Pushkin, a consoling angel guards Russian hearts

To grasp Pushkin one must hear his musicality. Source: Alamy / Legion Media

To grasp Pushkin one must hear his musicality. Source: Alamy / Legion Media

On Pushkin's birthday, RIR celebrates the poet and offers poetic guidance from an author and translator of his poetry.

Alexander Sergeyevich Pushkin (1799-1837) is revered by Russians as their national bard and greatest literary genius.  In critic Apollon Grigoriev’s famous phrase, “Pushkin is our all.” To Gogol, “Pushkin is an extraordinary phenomenon, perhaps the only true expression of the essential Russian spirit”; to Dostoyevsky, Pushkin was “the height of artistic perfection.”   Pushkin is the “Prophet” of Russian literature; his phrases permeate the Russian language as Shakespeare’s do English. Yet,  even though Pushkin’s works “represent the absolute pinnacle of brilliance in all Russian literary art” and though Russians revere Pushkin much as English-speakers do Shakespeare or German-speakers Goethe, Pushkin remains relatively unappreciated in the West, at least in comparison with his literary heirs.

The primary barrier to enjoyment of Pushkin in the West has been the absence of proper verse translations.  Pushkin’s majestic lightness is not easily conveyed. Too often Pushkin’s poems, so easy and magnificent in the original, come out even in good English translations with an incongruously comic effect derived from their being forced into verse by translators who are scholars first and foremost, and poets—if at all— a long way second.  Even the most felicitous results can sound at best like Cole Porter or W.S. Gilbert — but nothing remotely like Pushkin in Russia.  Many scholars, intimidated above all by Nabokov, have given up, and chosen to translate Pushkin with bald, prosaic literality.  

Nabokov introduced his rendering of Pushkin’s Eugene Onegin by saying: “to my ideal of literalism I sacrificed everything (elegance, euphony, clarity, good taste, modern usage, and even grammar)…” Alas, an entirely literal approach to translating Pushkin yields a lifeless specimen—neatly pinned, perhaps, to a label in a glass case by the master lepidopterist— but with none of the ineffable grace and beauty of a butterfly in flight.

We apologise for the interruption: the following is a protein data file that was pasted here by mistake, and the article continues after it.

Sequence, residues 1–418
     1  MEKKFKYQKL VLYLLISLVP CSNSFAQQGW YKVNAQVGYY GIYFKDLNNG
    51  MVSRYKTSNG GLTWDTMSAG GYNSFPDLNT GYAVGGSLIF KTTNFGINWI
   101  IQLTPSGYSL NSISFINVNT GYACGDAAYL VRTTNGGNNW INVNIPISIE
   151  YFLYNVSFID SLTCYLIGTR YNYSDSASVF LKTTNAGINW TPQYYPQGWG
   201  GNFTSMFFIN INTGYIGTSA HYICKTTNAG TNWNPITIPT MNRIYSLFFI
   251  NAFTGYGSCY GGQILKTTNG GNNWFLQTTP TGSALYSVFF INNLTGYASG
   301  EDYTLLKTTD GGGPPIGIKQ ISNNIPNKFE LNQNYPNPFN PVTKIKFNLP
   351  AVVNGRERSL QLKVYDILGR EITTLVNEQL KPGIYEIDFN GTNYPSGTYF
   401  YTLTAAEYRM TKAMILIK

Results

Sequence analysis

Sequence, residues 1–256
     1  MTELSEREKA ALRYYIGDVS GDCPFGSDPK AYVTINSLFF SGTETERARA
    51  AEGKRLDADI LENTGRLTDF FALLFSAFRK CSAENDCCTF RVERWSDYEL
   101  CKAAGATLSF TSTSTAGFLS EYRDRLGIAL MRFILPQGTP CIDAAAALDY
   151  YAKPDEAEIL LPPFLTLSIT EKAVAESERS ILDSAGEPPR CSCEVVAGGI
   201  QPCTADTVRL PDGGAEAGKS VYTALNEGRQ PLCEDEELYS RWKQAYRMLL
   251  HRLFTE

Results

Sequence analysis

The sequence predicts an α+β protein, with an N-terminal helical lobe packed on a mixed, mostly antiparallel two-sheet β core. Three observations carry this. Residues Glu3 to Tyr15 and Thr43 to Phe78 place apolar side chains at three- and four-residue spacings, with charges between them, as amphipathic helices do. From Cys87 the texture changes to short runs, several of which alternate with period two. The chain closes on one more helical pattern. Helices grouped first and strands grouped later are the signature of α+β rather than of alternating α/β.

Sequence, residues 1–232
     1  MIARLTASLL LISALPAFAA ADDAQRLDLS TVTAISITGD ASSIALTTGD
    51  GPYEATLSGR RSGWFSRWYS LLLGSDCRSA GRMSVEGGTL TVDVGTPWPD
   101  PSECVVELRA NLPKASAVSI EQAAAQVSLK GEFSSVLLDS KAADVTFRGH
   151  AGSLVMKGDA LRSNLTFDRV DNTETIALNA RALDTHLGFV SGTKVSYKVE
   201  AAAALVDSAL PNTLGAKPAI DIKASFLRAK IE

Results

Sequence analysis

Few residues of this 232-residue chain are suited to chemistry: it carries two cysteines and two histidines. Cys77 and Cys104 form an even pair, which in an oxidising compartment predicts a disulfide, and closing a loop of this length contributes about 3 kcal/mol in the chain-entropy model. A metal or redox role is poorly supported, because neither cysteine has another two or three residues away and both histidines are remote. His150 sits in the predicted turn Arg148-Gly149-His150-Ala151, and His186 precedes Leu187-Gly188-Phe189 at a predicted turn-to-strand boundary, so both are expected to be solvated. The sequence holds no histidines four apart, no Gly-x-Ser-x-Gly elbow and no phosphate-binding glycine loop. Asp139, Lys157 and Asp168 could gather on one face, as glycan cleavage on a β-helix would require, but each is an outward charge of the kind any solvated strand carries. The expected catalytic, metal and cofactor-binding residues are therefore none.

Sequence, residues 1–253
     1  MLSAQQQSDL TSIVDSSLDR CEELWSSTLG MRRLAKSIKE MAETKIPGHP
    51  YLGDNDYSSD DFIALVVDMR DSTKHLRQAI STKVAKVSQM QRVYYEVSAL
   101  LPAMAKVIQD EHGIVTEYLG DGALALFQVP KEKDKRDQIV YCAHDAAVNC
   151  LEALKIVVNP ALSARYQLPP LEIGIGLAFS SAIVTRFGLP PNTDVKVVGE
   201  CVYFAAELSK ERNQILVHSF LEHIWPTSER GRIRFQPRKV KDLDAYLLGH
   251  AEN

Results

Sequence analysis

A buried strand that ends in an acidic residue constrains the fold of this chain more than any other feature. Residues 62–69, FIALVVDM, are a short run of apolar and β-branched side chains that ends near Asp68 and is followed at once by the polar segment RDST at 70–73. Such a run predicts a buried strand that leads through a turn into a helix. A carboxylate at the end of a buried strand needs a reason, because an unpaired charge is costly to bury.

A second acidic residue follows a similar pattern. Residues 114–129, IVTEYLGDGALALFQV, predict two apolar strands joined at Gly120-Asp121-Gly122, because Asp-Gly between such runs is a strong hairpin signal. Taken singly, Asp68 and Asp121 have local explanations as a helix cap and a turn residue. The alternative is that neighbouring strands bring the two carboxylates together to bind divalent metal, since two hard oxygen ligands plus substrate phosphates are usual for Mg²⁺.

To grasp Pushkin one must hear his musicality. His genius in its sublimity is properly compared to Mozart’s: miraculous, prodigious feats of creativity, wrought with seemingly effortless grace, evocative power, warmth, wit, passion, sheer musicality, inventive rhythmic swing, and playfulness — and all imbued with a certain divine purity, a wisdom born of innocence, a childlike, direct, sweet, natural, vigorous, limpid clarity — often, alas, all the more mysteriously difficult to translate for its seeming simplicity.  Can you imagine trying to describe Mozart only in words?

A photo of Alexander Pushkin's portrait. Source: RIA Novosti

If only everyone so felt the power
Of harmony! But no! For then indeed
The world could not exist. No one would think
To bother for the lowly needs of living;
We’d all just lose ourselves in free creation.
So we’re but few, we chosen happy idlers,
Who, of mere use neglectful and disdainful,
Are high priests of the One, the Beautiful.

These words, from Mozart’s last speech in Pushkin’s Mozart and Salieri, the forerunner to Shaffer’s Amadeus, speak of the lonely relationship between a creative genius and the world around him. Pushkin insisted on the sacred independence of the artist: “art’s purpose is not to produce profit, but to create beauty.”  Yet beauty is truly useful, for it is truly healing.  The Pythagoreans, it is said, used to cure the sick with poetry, believing in the unique healing virtues of certain verses of the Odyssey and Iliad when read aloud in the proper way. Pushkin was the Russian language’s high priest of the Pythagorean doctrine of the One, the Beautiful. Like Homer, Pushkin derived indescribable power and dramatic effect as much from the sound—as from the sense—of his words, from their lilt, their swing, their magical incantation: their spell.